The Great Blue Hole, located off the coast of Belize, is one of the world's true natural wonders. Now we're finally learning more about what's inside this mysterious phenomenon: A high-profile mission of exploration featuring billionaire Richard Branson recently took a submarine down to its depths, creating a high-resolution 3D map.
On one level, everything you need to know about the Great Blue Hole is right there in the name. Circular in shape, the sinkhole is located at the center of Lighthouse Reef, an atoll in the Caribbean Sea. It's around 300 meters (1,000 feet) across and 125 meters (400 feet) deep, and is easy to spot because its deep blue color contrasts with the light blue waters surrounding it. Earth-observing scientists, like , believe it to be the largest sinkhole of its kind.
Seen from above, a very light, greyish-white ring can be seen surrounding the Great Blue Hole. That ring is actually elevated coral, dried out by being too close to the ocean's surface.
The mystery of this peculiar place has enticed explorers for decades. The Great Blue Hole first entered much of the public's imagination in 1971, when it was featured on an episode of The Undersea World of Jacques Cousteau. The famed French oceanographer filmed there for an episode titled "Secrets of the Sunken Caves." Because that's right—the hole is technically a vertical cave.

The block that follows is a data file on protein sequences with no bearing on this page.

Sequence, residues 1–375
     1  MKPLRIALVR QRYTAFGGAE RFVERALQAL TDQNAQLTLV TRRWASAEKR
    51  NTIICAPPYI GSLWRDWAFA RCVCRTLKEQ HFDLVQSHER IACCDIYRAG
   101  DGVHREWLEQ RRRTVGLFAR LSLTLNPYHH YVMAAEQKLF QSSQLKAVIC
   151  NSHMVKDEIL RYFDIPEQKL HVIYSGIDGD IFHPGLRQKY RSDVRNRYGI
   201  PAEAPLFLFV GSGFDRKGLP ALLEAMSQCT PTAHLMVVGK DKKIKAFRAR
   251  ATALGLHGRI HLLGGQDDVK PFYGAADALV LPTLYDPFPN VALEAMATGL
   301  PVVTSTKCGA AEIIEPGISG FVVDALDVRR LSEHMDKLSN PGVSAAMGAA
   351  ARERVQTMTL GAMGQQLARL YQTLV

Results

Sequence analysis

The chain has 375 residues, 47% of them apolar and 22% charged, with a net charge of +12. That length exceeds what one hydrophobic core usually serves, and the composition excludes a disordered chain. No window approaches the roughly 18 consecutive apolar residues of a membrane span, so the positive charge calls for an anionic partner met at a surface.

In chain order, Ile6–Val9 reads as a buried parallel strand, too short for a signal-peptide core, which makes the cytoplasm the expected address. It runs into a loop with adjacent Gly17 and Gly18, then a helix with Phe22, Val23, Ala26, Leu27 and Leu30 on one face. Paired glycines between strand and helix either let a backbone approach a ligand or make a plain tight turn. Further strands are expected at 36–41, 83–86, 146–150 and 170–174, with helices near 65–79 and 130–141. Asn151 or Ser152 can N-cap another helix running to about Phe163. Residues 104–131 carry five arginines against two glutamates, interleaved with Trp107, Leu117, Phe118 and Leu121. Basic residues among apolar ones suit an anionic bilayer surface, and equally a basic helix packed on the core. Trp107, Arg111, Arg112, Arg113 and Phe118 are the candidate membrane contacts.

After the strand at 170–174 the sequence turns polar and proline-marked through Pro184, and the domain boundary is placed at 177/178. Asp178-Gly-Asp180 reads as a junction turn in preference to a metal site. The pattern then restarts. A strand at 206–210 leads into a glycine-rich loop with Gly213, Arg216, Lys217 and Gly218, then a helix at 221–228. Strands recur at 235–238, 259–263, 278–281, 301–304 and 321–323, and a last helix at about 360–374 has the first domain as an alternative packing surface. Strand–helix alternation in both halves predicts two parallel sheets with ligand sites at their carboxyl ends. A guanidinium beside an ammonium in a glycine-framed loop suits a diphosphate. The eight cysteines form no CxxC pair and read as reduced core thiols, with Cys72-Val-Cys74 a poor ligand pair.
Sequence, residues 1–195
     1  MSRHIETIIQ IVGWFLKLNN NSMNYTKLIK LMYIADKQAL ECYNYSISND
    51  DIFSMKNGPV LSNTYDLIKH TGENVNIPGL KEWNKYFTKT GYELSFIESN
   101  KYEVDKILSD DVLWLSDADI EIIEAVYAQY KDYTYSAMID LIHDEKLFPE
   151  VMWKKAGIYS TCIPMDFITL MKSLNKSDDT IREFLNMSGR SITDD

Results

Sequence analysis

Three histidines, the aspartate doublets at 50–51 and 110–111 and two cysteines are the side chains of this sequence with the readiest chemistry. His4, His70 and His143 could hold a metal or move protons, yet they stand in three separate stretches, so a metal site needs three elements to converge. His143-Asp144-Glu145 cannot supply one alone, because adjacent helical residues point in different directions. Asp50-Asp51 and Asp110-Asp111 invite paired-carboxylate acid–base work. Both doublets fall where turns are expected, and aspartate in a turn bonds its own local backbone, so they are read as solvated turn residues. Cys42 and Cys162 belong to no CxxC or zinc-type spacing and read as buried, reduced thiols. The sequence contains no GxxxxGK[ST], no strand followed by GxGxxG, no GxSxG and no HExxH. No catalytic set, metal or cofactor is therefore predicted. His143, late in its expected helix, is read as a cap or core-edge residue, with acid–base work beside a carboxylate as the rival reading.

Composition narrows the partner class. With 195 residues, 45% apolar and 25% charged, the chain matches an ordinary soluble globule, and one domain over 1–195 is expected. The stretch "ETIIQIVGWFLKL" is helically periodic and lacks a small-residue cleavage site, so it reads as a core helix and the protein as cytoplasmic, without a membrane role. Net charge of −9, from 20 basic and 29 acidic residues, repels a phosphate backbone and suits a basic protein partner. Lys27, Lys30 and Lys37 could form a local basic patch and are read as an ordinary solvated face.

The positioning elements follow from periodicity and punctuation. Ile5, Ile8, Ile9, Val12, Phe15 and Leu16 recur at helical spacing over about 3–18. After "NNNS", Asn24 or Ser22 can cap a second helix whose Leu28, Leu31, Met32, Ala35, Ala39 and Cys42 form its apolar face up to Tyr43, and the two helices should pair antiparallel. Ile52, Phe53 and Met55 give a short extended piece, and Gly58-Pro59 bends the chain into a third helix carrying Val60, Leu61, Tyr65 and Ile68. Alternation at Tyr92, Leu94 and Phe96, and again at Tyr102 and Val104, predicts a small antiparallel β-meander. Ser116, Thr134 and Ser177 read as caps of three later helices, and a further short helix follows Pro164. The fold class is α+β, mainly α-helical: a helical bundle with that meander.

It's a limestone cave, to be exact. The Great Blue Hole contains stalactites and stalagmites below the surface, some 40 feet in length. And as with any good cave, more mysteries lie within. Erika Bergman, chief pilot of Aquatica, the submarine company that brought Branson down to the depths, told :
"We're not even going to set down on the bottom because it's theoretically been filling with silt for the last 100,000 years. We can get really, really nice and close up to the objects without touching them or stressing them in any way. We've had a lot of experience doing that around shipwrecks, mostly, where you definitely don't want to touch anything."
It's possible to go diving at the Great Big Hole, but it's for advanced divers only—prerequisites include over 24 complete dives, according to . Anybody can snorkel at the top, but looking at the pictures really makes all that practice time seem worth the effort.